The leading knowledge platform for the financial technology industry
The leading knowledge platform for the financial technology industry

A-Team Insight Blogs

Blockchain in the Fund management and Audit Industries: Could it Restore Trust?

By Nish Kotecha, Chairman and Co-founder of Finboot, and Bryan Foss, Independent Director and Visiting Professor at Bristol Business School.

Not too long ago, Neil Woodford was still regularly heralded as a “superstar” manager and the “Oracle of Oxford”. How different the story is today.

In mid-October, Neil Woodford announced that his Woodford Investment Management business, set up in 2014 to much fanfare, would be shutting up shop. This followed a highly tumultuous period for the firm, which culminated in Link Fund Solutions, administrator of the Equity Income Fund, taking the decision to wind the shuttered fund down, followed shortly by the resignation of Woodford himself from his other two funds, Woodford Patient Capital Trust and Woodford Income Focus.

The reasons behind Woodford’s downfall have been widely covered, but can largely be attributed to the fact that, in reality, the Equity Income Fund did not do what it said it would, and Woodford ran it essentially unchecked. If investors had been fully aware of the investments being made into unlisted and illiquid stocks, would they have kept their money in?

There can be no doubt that it’s in investors’ best interests that information is readily available so that timely decisions can be taken; dissemination of this information should not be left to the whim of the fund manager who relies on investor trust.

Ultimately, trust requires transparency to validate integrity. Adopting a technology such as blockchain into the reporting and audit framework of a public fund could provide a new, more robust approach to transparency to prevent investors from being caught in a Woodford-esque situation.

For instance, an investor-facing blockchain could be programmed to release updates on a fund’s portfolio at regular intervals without the need for further approvals from the fund manager. The constant release of data in a predefined format would provide evidence of the fund’s status, forcing the manager to operate within the automated reporting schedules and ensure that the fund’s share price is a fair reflection of its valuation.

In a similar way, adopting blockchain in audit and assurance reporting could potentially help to prevent accounting scandals, such as the one seen at Patisserie Valerie earlier this year. Had blockchain been used to underpin the company’s accounting framework, it’s likely that the thousands of fraudulent entries would never have been approved by the distributed ledger technology. The time-stamped links of blocks could reveal any tampering to the recorded transactions, in addition to providing immediate insight into the performance of the company at any given time.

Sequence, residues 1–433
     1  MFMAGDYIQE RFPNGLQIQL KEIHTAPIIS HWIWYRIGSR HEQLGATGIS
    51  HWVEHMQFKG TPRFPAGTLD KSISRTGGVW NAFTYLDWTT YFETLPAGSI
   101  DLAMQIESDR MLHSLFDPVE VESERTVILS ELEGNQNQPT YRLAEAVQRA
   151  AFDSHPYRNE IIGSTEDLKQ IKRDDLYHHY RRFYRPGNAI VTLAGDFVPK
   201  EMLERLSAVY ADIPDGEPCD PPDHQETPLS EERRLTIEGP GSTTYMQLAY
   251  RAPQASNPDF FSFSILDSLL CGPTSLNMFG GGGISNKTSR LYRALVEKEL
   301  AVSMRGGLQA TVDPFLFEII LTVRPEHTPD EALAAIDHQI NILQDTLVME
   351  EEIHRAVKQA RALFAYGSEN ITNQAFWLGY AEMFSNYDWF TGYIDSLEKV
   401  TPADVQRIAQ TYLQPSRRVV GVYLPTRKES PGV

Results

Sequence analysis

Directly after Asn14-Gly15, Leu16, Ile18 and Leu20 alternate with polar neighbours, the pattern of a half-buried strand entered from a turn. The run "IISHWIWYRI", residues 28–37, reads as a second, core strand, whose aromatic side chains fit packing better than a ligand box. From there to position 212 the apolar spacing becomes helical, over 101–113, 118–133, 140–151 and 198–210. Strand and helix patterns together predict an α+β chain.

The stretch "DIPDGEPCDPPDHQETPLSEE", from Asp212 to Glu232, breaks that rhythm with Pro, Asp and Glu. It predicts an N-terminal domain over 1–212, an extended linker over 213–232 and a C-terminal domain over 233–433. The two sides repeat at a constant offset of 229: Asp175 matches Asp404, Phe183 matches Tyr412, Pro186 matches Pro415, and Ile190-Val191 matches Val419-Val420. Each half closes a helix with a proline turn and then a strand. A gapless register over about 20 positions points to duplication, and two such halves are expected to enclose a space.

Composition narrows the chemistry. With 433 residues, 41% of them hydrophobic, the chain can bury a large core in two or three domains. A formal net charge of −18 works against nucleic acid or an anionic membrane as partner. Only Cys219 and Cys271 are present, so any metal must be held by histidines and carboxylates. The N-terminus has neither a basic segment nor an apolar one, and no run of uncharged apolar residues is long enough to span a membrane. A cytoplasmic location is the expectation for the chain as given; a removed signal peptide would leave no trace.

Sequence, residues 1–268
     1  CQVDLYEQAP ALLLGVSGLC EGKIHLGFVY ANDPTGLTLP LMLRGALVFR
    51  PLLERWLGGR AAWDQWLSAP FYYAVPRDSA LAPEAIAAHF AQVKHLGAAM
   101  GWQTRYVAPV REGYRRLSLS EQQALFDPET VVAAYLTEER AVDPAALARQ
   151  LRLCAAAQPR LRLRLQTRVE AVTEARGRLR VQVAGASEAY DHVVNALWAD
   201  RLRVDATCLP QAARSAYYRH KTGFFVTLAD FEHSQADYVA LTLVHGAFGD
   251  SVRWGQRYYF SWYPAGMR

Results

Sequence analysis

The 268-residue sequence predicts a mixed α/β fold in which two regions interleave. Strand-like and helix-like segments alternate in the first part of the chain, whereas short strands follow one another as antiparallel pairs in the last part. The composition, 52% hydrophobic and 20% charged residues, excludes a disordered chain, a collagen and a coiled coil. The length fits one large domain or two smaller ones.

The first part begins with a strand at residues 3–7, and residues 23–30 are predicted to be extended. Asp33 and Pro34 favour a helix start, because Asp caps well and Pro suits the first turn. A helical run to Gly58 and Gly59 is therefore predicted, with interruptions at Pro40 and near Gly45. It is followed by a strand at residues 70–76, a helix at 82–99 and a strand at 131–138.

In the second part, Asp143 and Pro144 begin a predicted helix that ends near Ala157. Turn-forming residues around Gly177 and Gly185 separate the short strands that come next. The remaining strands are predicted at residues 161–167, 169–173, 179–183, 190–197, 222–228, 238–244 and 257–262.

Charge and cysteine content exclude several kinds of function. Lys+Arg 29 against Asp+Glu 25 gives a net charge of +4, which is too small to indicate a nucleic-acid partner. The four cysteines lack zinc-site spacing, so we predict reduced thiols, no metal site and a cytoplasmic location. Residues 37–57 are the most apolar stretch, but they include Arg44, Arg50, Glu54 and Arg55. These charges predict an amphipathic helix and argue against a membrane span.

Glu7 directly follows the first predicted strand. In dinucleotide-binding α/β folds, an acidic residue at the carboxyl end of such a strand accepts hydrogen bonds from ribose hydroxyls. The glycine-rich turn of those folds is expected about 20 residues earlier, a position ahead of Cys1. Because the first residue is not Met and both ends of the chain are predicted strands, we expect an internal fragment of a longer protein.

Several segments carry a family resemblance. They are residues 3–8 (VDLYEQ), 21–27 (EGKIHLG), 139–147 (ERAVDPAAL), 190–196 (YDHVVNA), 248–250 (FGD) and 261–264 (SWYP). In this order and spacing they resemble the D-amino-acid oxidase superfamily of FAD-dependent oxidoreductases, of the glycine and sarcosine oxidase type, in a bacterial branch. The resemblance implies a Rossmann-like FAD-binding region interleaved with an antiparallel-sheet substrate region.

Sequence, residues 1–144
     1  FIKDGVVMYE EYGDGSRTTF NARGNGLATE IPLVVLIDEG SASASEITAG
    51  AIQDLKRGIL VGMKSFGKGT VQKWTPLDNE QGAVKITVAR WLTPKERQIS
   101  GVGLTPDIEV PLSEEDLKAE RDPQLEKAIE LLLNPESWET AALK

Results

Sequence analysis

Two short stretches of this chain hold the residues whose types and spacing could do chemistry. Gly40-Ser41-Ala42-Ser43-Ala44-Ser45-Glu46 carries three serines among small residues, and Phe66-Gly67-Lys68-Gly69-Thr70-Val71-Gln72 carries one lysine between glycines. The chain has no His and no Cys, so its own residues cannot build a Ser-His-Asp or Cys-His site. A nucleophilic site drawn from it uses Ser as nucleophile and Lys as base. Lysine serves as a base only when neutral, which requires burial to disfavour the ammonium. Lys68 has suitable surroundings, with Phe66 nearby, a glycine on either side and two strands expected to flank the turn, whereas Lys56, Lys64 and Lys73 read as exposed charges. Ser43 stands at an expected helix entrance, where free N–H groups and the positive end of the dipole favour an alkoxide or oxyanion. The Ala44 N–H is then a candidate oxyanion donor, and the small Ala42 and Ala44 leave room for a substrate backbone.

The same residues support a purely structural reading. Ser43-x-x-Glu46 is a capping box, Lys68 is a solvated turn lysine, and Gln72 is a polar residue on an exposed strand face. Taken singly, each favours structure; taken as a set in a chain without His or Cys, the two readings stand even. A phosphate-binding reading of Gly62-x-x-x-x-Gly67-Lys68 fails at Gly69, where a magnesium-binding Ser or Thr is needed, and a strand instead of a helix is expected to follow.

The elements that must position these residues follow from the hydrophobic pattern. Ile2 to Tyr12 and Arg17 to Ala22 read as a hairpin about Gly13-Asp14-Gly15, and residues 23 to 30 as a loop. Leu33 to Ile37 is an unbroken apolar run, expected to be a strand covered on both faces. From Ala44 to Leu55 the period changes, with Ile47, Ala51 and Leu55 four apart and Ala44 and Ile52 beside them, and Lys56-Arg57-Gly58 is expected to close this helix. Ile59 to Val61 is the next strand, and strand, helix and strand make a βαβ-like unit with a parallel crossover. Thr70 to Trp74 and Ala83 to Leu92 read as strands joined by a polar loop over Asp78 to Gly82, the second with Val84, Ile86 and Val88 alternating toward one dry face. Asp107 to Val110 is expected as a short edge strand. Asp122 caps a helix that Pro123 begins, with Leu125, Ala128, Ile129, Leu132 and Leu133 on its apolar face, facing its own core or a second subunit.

It is the presence of more validated, immutable information that will generate trust in the fund management and audit industries. The choice between investing in public market funds and private market funds should be left to the investor, and public fund managers should be prevented from changing their reporting framework just because it suits them at any given time. Likewise, listed companies should adhere to a fully transparent corporate reporting process that is not susceptible to distortion or interference. In both cases, there is a clear argument for an automated blockchain that can act as a “single source of truth” for the benefit of investors, on whose trust the share price of listed entities partially depends.

Related content


Recorded Webinar: Managing the transaction reporting landscape post Brexit: MiFID II, SFTR, EMIR

The transaction reporting landscape has, for many financial institutions, expanded considerably in size since the end of the UK’s Brexit transition period on 31 December 2020 and the resulting need for double reporting of some transactions to both EU and UK authorities. It has also changed dramatically following the UK government’s failure to reach equivalence...


Quantexa Addresses AML with Contextual Decision Intelligence

London-based data and analytics company Quantexa is addressing the challenge of Anti-Money Laundering (AML) monitoring and investigation with the use of contextual decision intelligence (CDI), a means of enriching internal data with external data and building networks of relationships to create a contextual view of a customer. This approach is aimed at generating meaningful alerts...


Data Management Summit Virtual

The Data Management Summit Virtual brings together the global data management community to share lessons learned, best practice guidance and latest innovations to emerge from the recent crisis. Hear from leading data practitioners and innovators from the UK, US and Europe who will share insights into how they are pushing the boundaries with data to deliver value with flexible but resilient data driven strategies.


What the Global Legal Entity Identifier (LEI) Will Mean for Your Firm

It’s hard to believe that as early as the 2009 Group of 20 summit in Pittsburgh the industry had recognised the need for greater transparency as part of a wider package of reforms aimed at mitigating the systemic risk posed by the OTC derivatives market. That realisation ultimately led to the Dodd Frank Act, and...